I was asked to provide comment on the Prime Minister’s visit to Myanmar. In the course of looking at articles and background reports, I found myself feeling a bit annoyed at the PM. "What are you doing in Myanmar? Didn't you just get off the plane in Russia and Saudi Arabia?"
This set me to thinking that it is not just Abe's foreign travel that is excessive – it is his EVERYTHING that is excessive. Half of the 30 minute-long 7 p.m. NHK news broadcasts seems composed of "Prime Minister Abe did this...and Prime Minister Abe did that...and the Prime Minister also did this...and in a surprise, Prime Minister Abe did something yet again..."
I accepted that the most likely explanation for my feelings of being beset by news of Abe's activities came from being "one of the fiercest critics of the reborn Abe regime" (Michael Penn's characterization, not my own - Link).
However, I suspected there was substance to my annoyance – that Abe's near omnipresence was more than just a notion buzzing around in my head.
So I decided to do a little bit of counting.
The data set is the accounts of the PM's activities posted on the Prime Minister's Residence website under Sori no ichi nichi (literally "The Prime Minister's Day" but translated into on the website as "The Prime Minister in Action" ).
What gets reported through Sori no ichi nichi is not everything the PM did during the day. Instead only the activities the prime minister's support staff and the ministries think we should hear about receive write-ups. As such, Sori no ichi nichi is a picture of the prime minister's day not as it is but as his subordinates want us to see it – which is, in a media-drenched modern post-industrial democracy, probably more important. Rather than actual achievement what is important is presence, at least as far as the molding of perceptions of the prime minister's interest in his work.
So what happens when you look at the prime minister's calendar as his people want us to see it? And how does Abe in this second term compare to his predecessors in terms of doing visible business?
Taking as a comparison the reports filed in Sori no ichi nichi for Abe's predecessor Noda Yoshihiko, and looking at the same span of time (Jan 1 – May 24) in 2012 and 2013, we get:
Looking at the graph, it sure looks as though there is more red than blue. The number of Noda postings only clearly exceeds those for Abe once in late May – the time when Noda was hosting a summit of Pacific island nations.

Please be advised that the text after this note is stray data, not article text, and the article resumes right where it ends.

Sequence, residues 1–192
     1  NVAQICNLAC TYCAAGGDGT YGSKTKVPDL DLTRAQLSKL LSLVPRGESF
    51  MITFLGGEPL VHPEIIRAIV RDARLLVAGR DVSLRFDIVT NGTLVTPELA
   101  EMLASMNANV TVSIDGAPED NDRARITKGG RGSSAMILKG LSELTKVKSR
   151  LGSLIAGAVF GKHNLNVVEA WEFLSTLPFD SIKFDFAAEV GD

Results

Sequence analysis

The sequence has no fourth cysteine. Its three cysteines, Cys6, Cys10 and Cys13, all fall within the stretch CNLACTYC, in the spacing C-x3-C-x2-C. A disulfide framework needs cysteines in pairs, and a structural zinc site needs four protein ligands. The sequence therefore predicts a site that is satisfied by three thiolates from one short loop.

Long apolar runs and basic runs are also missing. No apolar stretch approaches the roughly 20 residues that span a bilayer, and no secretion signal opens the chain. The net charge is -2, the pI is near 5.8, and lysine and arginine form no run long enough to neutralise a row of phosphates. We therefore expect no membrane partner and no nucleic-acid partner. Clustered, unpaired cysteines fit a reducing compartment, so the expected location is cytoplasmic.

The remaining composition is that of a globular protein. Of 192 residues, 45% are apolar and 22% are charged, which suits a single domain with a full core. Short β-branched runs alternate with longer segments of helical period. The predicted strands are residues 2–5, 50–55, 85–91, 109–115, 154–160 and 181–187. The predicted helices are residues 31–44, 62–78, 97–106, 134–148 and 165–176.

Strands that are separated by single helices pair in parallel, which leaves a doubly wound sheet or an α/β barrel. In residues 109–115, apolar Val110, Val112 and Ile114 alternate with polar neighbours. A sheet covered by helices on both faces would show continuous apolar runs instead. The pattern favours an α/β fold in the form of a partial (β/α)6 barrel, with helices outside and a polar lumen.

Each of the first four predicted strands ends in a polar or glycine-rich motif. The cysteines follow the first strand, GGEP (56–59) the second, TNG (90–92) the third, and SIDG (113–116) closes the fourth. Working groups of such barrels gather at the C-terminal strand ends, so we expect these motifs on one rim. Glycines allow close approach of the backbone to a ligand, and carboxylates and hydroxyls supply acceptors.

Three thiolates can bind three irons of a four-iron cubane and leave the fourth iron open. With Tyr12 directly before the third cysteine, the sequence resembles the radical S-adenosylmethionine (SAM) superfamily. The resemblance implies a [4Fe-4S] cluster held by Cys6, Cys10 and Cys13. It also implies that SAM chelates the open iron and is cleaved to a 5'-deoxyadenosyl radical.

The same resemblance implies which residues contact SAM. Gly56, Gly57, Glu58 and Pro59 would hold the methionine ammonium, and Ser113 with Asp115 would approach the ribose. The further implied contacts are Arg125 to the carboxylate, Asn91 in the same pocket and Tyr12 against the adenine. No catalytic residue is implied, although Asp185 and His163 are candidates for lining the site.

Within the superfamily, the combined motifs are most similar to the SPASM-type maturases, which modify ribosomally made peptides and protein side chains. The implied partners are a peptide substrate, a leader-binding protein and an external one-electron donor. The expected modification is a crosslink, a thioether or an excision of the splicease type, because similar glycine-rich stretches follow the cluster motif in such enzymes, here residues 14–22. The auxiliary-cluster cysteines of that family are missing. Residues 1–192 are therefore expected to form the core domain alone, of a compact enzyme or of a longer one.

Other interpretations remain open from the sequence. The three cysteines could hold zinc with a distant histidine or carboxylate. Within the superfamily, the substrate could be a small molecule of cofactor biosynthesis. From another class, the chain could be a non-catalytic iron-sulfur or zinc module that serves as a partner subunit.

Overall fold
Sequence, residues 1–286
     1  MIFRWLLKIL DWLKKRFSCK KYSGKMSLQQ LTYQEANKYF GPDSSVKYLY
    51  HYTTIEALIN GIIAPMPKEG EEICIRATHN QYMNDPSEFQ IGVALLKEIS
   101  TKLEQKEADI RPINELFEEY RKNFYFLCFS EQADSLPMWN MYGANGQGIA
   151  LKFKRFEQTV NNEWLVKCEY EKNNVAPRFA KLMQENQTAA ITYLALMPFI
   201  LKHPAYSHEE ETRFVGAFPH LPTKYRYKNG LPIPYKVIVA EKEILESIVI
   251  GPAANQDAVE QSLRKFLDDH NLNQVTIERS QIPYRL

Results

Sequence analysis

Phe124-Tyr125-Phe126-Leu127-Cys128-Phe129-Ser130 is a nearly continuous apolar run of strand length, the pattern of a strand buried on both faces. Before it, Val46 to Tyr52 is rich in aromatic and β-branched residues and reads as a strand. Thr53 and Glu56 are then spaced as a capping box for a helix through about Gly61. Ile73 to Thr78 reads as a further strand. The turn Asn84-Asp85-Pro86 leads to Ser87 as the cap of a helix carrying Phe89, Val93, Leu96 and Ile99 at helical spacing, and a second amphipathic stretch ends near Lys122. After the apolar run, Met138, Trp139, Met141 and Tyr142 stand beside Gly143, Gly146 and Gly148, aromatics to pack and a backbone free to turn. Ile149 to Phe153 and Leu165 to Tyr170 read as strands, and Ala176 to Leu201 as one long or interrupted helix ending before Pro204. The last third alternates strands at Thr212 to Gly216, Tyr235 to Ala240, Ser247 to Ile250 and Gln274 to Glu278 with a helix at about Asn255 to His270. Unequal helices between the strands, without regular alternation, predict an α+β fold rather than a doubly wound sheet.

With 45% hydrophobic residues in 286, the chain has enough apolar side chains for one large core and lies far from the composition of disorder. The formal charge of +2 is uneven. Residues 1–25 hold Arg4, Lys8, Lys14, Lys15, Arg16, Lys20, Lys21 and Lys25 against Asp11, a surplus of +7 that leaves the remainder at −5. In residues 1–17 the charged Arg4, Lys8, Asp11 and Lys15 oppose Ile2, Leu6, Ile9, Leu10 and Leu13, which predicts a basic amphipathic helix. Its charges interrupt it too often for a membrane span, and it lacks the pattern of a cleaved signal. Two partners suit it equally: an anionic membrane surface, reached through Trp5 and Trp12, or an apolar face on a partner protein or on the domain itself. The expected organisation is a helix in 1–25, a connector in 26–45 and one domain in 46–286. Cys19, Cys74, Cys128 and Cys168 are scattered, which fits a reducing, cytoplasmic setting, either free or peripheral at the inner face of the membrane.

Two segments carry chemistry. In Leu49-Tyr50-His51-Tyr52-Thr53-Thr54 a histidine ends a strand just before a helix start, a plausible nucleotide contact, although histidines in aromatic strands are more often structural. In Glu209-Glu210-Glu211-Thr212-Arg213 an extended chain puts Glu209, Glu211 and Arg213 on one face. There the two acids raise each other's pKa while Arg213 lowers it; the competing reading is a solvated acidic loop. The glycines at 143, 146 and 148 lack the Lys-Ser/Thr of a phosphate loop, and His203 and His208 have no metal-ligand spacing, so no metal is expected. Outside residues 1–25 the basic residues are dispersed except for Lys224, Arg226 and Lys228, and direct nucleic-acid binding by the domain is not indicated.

Looking at the monthly totals, we see that indeed for at least the two months, Abe's posts outnumber Noda's, with Noda's numbers in May getting goosed by the slew of posts showing Noda holding the hands of heads of state from countries that are dots in the middle of the ocean.
As for making sure that the public has the PM is on the job, the Abe crowd can be said to be twice as assiduous as the previous administration. Here are the graphs comparing the number of days during the period when nothing was posted to Sori no ichi nichi:
There might be only one posting on some days – but that one post goes a long way to maintaining an illusion of diligence.
However, it is in state visits and foreign travel the differences in between Abe's and Noda's administrations seems most stark.
Here is the list of overseas trips Prime Minister Noda took in between January 1, 2012 and May 24, 2012:
Jan 2012 – none
Feb 2012 – none
March – Security Summit (South Korea)
April – none
May – China/Japan/South Korea Trilateral Summit (Beijing)
G8 Summit (U.S.A.)
Total countries visited = 3
Total bilateral visits = 0
Here, by contrast, is the overseas travel of Prime Minister Abe during the same span( January 1 to May 24) this year.
Jan 2013 – Vietnam
February 2013 – U.S.A
March 2013 – Mongolia
April 2013 – Russia
May – Saudi Arabia
Total countries visited = 10
Total bilateral visits = 10
OK to be fair, the time spans are perhaps not commensurate in terms of their situation within each PM's term in office.
So here is a second listing, of Prime Minister Noda's overseas travels during his first five months in office:
Sep 2011 – none
Oct 2011 – South Korea
Nov 2011 – APEC summit (U.S.A.)
East Asian Summit (Indonesia)
Dec 2011 – China
Jan 2012 – none
Total countries visited = 5
Total bilateral visits = 2
A better record than Jan-May 2012 but still not comparable to Abe's record of gregariousness.
Looking at both lists for Noda, we find his use foreign travel was rote. After his first five months in office, his only travels were second visits to South Korea, China and the U.S.A. -- and these only to attend multilateral forums.
Noda did not use foreign travel, as Abe is doing, to as a means of resetting both the political and media agendas.
Was Noda a prisoner of political gridlock and the ongoing recovery from 3/11? Or was his lack of overseas travel a signal that his perception of the office of prime minister was consuming him?